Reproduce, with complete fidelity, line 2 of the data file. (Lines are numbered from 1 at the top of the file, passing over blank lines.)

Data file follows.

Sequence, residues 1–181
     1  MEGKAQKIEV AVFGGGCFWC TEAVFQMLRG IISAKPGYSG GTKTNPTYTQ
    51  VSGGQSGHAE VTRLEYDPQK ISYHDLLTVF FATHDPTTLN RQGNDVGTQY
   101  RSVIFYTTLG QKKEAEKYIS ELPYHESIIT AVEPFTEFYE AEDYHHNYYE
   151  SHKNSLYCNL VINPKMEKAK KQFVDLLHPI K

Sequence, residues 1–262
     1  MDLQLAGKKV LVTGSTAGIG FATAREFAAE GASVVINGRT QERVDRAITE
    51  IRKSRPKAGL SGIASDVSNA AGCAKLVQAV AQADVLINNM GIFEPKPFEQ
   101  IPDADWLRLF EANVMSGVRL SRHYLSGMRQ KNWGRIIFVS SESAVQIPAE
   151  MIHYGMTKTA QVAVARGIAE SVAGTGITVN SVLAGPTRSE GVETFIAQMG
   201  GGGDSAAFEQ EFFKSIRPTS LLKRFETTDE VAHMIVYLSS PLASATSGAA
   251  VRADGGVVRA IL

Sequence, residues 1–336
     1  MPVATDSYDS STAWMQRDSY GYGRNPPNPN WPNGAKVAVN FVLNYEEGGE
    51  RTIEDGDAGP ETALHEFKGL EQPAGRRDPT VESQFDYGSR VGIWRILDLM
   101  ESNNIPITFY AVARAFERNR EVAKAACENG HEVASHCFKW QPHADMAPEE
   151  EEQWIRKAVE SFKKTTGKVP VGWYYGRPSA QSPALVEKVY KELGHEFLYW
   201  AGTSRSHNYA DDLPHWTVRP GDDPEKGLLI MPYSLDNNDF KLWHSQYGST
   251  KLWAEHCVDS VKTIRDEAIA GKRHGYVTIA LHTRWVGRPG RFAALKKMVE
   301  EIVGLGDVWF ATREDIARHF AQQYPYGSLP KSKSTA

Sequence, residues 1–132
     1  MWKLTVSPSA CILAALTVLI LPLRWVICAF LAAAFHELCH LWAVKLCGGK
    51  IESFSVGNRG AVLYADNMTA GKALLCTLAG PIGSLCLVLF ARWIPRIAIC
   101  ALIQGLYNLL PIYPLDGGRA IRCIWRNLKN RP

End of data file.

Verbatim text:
     1  MEGKAQKIEV AVFGGGCFWC TEAVFQMLRG IISAKPGYSG GTKTNPTYTQ